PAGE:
Remember US News and World Report? If your answer to that question is "yes," you'll no doubt be surprised to hear that they will no longer be in print starting next year. (Of course, if you answered "no," then you know WHY they won't be in print anymore.) A few years ago, the magazine cut down to being monthly instead of weekly, and now it's abandoning paper and going purely digital.
I find this to be Really Big News. When a formerly really well-known publication suddenly starts saying how important the iPad and tablets are to the future of publishing, and then declares it's breaking free of print so that they can "position ourselves to take advantage of the emerging platforms," you know print really is truly 100% dying. Newspapers have been on the way out, magazines are leaving us, and that's all a fact.
It's surprising only that it's happening so quickly, at least in my opinion. One of the things keeping print alive in recent years is that there are so many people out there who prefer reading things on paper--at least, that's what everyone's been saying. Apparently, there are quite a few who prefer this, but not enough to sustain a print magazine.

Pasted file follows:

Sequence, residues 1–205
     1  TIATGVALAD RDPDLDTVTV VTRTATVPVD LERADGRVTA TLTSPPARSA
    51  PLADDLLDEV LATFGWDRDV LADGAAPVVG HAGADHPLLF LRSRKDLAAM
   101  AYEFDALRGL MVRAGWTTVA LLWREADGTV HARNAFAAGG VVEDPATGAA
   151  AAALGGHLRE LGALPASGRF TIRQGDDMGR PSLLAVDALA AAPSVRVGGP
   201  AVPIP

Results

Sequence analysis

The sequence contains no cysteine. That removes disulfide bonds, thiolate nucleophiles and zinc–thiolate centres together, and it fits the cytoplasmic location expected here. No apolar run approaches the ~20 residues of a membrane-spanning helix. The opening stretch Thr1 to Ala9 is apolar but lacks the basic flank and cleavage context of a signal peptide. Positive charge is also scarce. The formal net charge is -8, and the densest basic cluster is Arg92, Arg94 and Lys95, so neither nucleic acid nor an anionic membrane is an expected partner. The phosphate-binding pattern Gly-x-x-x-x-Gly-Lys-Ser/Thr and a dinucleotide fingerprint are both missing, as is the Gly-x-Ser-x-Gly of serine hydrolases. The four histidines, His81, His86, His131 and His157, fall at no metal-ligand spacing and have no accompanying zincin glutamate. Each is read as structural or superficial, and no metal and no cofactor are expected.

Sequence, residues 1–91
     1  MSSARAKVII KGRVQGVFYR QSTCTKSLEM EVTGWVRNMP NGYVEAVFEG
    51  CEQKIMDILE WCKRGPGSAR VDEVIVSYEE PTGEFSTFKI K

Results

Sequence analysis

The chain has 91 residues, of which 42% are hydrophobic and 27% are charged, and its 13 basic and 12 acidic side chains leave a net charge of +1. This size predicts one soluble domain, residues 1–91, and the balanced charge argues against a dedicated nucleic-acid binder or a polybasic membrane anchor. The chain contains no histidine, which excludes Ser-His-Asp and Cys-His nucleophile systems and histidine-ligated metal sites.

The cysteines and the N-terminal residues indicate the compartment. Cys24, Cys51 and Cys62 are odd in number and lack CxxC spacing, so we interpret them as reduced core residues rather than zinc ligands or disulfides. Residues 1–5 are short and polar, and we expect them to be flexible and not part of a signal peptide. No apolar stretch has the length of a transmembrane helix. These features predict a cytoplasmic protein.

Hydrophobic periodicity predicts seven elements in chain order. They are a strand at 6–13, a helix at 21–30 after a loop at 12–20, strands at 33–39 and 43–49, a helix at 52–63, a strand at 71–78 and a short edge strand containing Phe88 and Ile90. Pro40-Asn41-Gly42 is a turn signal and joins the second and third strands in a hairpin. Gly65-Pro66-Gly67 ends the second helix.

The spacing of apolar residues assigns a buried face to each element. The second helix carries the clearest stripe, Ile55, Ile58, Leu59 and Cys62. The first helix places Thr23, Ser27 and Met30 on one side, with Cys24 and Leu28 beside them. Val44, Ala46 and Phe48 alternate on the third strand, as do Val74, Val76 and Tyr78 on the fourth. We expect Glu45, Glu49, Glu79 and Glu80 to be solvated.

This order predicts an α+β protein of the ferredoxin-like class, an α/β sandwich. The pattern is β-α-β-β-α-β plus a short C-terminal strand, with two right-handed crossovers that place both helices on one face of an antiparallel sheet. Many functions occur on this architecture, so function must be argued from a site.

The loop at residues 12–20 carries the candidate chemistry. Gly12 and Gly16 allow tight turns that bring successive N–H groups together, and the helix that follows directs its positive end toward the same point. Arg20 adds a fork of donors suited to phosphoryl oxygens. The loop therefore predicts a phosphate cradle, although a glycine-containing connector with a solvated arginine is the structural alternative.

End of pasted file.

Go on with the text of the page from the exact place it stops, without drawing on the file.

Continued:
Then again, it makes sense. I've long since gone digital with all my news. I used to read USA Today in print, but I can get it on my iPad each day for free. Why get a paper copy?
So the question is, will this extend to books? I'm actually going to say that it won't. Not 100%, at least. I mean, you can still buy vinyl records today, despite MP3s and iPods. They don't sell as many copies, but people like them for their strengths--they're physical, they have great sound, they're collector's items, etc. Books will likely become the same thing, in print. People will buy them because they have a particular affinity for an author or title. They'll buy them for the collector's value, or because they prefer reading paper to reading a screen. But the majority of books will be sold digitally.
What do you think?